After, Microsoft is extending the battle onto the Web.
The software maker has launched an online spot, in which Web surfers spin a wheel and compare what they can buy for the same amount of money. In each case, users can get a Mac and, say, pocket lint, or they can get a PC and two other things of value.
In one "spin," a user is told they can choose from a shoelace, pen cap, and MacBook, or get a Lenovo Y530, a photo scanner, and pair of Supras (I didn't know what they were either, but apparently they are some hip skater shoes).
David Webster, a general manager in Microsoft's central marketing unit, said that while some people are enticed by lower prices alone, some like to think of value in terms of what else they could spend that money on. In the online campaign, Microsoft tries to play up those things.
Webster said Microsoft is also trying to play up the variety of the PC marketplace, saying a customer is likely to get "a better fit" with Windows.
"If you want a machine with racing stripes and lights and a Blu-ray drive, we've got it," he said. "If you want a PC that's 2.5 pounds and that's still got an optical drive, we've got it. That contrasts with a different story on the other side of the fence."
Microsoft is clearly taking a page directly from Apple's "Get a Mac" campaign. Even the placement of the ad itself and its chrome look of the spinning buttons make it look like an Apple ad.
The online campaign, which is on the front of the New York Times and Wall Street Journal Web sites on Friday, complements the TV ad that debuted on Thursday (see embedded video below).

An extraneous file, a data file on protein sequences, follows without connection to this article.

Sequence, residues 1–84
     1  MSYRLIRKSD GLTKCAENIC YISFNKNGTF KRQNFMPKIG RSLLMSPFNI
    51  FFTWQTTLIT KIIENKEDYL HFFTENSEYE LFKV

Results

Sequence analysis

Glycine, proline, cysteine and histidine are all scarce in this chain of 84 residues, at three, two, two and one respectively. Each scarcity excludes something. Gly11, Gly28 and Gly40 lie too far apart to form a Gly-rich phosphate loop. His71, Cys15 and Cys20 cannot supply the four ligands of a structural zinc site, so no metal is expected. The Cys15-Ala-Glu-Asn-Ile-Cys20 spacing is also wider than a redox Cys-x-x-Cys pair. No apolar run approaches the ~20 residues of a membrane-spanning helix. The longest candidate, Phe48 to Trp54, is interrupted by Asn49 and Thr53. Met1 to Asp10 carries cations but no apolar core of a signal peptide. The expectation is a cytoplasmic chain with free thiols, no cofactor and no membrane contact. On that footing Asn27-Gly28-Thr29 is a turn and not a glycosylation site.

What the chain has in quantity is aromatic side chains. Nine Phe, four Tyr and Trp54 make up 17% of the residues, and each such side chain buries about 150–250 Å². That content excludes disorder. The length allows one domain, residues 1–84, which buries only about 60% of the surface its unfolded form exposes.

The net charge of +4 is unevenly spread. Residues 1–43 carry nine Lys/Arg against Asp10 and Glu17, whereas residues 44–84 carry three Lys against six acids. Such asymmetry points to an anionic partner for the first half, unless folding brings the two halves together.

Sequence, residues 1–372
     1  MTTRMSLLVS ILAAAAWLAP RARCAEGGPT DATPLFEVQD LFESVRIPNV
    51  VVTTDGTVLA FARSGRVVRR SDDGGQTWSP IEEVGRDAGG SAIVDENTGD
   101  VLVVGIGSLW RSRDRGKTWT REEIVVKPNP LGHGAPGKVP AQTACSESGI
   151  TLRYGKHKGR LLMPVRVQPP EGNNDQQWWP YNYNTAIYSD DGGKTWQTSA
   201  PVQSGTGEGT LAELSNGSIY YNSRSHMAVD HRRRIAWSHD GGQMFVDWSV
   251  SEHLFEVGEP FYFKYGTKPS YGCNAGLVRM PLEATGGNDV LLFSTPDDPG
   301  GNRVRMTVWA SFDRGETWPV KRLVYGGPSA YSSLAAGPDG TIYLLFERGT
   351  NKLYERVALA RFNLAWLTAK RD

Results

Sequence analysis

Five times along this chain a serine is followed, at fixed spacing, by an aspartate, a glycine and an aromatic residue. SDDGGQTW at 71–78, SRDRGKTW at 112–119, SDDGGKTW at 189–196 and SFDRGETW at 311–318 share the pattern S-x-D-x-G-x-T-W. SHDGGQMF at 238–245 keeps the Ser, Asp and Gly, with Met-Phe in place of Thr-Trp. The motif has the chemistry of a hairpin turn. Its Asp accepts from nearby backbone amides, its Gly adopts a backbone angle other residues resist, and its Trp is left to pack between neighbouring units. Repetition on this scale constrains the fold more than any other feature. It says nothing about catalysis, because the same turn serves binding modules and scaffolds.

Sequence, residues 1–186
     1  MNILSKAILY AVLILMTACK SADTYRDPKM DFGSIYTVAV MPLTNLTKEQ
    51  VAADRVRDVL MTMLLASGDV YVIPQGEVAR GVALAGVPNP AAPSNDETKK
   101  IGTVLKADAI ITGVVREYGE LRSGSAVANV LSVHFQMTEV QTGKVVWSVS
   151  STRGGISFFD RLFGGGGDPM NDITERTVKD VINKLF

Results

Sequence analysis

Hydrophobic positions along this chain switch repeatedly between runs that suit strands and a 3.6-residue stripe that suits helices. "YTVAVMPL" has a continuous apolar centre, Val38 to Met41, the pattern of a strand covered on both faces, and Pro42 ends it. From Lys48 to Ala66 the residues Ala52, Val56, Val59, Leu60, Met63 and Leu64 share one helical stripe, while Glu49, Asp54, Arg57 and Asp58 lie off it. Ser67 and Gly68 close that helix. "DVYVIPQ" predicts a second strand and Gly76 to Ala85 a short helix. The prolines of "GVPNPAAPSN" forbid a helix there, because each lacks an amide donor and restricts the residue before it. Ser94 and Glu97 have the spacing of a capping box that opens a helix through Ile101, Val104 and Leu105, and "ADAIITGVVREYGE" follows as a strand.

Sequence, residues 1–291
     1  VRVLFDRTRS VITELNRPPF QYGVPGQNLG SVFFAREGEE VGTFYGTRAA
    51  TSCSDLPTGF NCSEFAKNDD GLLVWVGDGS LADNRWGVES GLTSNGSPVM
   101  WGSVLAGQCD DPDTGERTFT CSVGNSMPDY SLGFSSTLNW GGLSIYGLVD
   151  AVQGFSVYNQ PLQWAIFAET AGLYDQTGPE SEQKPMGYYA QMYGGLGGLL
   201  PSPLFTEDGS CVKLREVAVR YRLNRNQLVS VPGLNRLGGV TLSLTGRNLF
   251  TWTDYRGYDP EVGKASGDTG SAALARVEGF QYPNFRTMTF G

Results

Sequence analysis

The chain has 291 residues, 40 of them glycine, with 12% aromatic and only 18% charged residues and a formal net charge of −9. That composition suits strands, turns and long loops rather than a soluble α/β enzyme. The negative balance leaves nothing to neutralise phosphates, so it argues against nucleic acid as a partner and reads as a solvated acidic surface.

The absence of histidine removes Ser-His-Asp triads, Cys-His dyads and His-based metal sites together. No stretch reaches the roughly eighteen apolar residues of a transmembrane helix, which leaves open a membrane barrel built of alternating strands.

Webster acknowledged those places precisely because they are the places Apple had been running its own ads.
It's the latest in a series of direct attacks on Apple, which have included recent comments from CEO Steve Ballmer, as well as Microsoft's .
As for the TV campaign, Webster said Microsoft placed a Craigslist ad looking for people aiming to spend a certain amount on their computer. It told respondents it was a market research firm looking to follow computer buyers through their buying experience.
Webster said the deck was not stacked against Apple. "As you will see in subsequent spots, these are customers that have $1,500 or $2,000 to spend, where clearly, they could have chosen Apple, if that's what they wanted to do," Webster said. "We were pretty thoughtful and picking price points that might have been met by an Apple."
As Webster's comment indicates, Microsoft isn't stopping with the red-headed Lauren, who starred in the first spot. The software maker said it followed around about 10 PC buyers, and plans to spotlight four or five of those experiences (though Webster tells me that none of the 10 bought Macs).
"You will see those over the coming weeks," Webster said. Incidentally, Webster is the man who came up with the idea that became Microsoft's Mojave Project, in which people blind-tested Windows Vista.
As for Lauren, Microsoft says she was a real PC buyer, even though she is. Webster said Microsoft only learned about her acting ambition in the process of filming the piece and added that the ad segments were filmed in Los Angeles.
"Most waiters and baristas (there) tend to have Screen Actors Guild cards, from what I am told," he said.
Microsoft has gone in a variety of directions with its Windows ads, beginning with thelast fall and continuing with the and most recently the , which featured kids using Windows Live Photo Gallery.
Webster said Microsoft is pleased with its series of ads, even if they have received only mixed feedback from the blogosphere.
"Obviously, people in the blogosphere and in comments sections will come to their own conclusions, but that doesn't bother us because at the end of the day, we look at the numbers," he said.
Webster said Microsoft's internal research has shown a 10 percent increase in the number of people who say they will buy a Windows PC when they buy their next computer, though he would not say what percentage have that intent.